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Former Soviet Union: Privatization Not Cause of Corruption

Washington, 14 May 1997 (RFE/RL) - The privatization of enterprises in the countries of Central and Eastern Europe and the former Soviet Union has been tainted by widespread corruption, but a private study of the phenomenon finds that the incidence of corruption would be larger without privatization and is more prevalent in non-privatized economic sectors.

The study was conducted by Paul Siegelbaum, chief of the World Bank's Enterprise Development Division for Europe and Central Asia, and Daniel Kaufmann, a bank employee on leave as a visiting scholar at Harvard University's Institute for International Development. Kaufmann was last Chief of Mission for the bank in Ukraine.

Their study, published in Columbia University's Journal of International Affairs, says that the scale of privatization now underway in the transition economies is "historically unprecedented," but appears to be so riddled with corruption that many now believe privatization itself is causing the crime.

Their conclusion, however, is exactly the opposite: "Taking into consideration all other characteristics of the transition, privatization - with all its inadequacies - is preferable to its absence."

In fact, they say, the theft of assets in the region "effectively started a few years before communism fell." The study says "the state's assets were being stolen by enterprise managers, politicians and bureaucrats at an intolerable rate and, for most countries, the only alternative to sanctioning wholesale theft was to make the process somewhat more transparent and participatory and to try and direct these assets to other hands -- in pursuit of socially and economically more positive goals."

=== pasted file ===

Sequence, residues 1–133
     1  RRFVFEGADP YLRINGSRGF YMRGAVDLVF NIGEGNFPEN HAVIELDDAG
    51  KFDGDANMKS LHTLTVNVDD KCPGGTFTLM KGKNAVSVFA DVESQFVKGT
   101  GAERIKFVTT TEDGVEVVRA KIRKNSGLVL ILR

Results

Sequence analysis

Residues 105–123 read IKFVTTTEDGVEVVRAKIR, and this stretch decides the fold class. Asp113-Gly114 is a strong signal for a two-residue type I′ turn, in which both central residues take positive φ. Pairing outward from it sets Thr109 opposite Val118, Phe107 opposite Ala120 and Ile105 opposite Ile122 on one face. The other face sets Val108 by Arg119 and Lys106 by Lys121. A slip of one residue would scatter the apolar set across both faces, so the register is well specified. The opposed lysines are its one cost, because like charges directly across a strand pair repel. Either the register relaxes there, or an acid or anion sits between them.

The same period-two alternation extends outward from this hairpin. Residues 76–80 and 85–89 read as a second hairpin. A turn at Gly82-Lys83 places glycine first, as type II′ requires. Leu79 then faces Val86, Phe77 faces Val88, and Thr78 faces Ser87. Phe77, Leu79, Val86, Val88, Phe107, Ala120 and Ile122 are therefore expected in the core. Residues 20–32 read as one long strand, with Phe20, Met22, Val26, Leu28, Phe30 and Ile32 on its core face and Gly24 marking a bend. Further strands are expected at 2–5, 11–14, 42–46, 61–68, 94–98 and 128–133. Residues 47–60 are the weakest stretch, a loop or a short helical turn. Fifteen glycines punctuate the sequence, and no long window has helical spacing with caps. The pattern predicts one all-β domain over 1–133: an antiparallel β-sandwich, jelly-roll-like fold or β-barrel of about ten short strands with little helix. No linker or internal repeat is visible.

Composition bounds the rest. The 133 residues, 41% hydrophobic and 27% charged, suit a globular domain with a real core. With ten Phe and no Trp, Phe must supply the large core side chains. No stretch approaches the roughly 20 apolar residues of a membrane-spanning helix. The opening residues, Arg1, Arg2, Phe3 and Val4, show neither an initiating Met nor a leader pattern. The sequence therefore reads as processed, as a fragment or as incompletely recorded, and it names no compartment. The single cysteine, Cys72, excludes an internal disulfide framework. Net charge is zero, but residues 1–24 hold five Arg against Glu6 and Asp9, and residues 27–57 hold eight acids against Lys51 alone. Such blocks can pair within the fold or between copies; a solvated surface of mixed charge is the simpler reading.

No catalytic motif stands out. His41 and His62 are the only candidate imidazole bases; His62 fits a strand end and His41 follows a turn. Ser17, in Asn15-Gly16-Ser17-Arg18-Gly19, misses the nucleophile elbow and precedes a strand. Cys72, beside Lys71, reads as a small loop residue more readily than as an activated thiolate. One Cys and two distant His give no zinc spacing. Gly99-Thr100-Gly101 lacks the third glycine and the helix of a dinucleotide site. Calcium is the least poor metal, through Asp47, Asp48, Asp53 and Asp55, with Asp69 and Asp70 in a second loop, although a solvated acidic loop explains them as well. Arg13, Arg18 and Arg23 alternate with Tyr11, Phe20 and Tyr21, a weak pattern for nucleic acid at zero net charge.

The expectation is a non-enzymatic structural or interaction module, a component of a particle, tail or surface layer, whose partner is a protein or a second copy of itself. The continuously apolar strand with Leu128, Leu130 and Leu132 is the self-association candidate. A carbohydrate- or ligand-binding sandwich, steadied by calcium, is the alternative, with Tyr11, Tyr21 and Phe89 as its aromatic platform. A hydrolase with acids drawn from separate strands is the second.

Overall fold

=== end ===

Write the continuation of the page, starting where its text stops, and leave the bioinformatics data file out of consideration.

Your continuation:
The study by Kaufmann and Siegelbaum says "the formalization of privatization as a reform strategy was forced on the transition economies by the simple fact that social, political and legal/fiduciary controls had collapsed in the wake of the Soviet Union's break-up."

While there is a general belief that privatization has caused the corruption, the study finds that "in some countries in the region corruption has in large part been fueled by the lack of privatization in agriculture and in parts of the energy sector, where the old nomenklatura has continued to benefit from large handouts, kickbacks and huge monopoly rents."

There is, however, a big difference in the level of corruption depending on the type of privatization. Generally, voucher-based mass privatization and liuidation are the least corruption-prone implementation methods, says the study, because they are usually quick, the level of administrative discretion is limited and there is more transparency and access to information.

The worst forms of privatization are management-employee buyouts and spontaneous privatization, both of which are "highly conducive to corruption" principally due to their slow pace, lack of transparency and high levels of discretion left to officials.

The study says the notion that the transition economies are now fully in the post-privatization stage is wrong. The region is in fact ready for a second, more comprehensive wave of privatization. "Given the magnitude of the holdings that still remain in the hands of the state, a faster and simpler second stage of privatization initiatives and programs ought to be implmemented."

Kaufmann and Siegelbaum say that where politically feasible, some countries should try to recapture the "daring early days of mass privatization programs...suitably adapted with the lessons learned."

They do not name countries, but say speedy privatization of remaining state interests would reap "substantial benefits compared with the alternatives." They even suggest "outright cancellation of residual state ownership in partially privatized enterprises."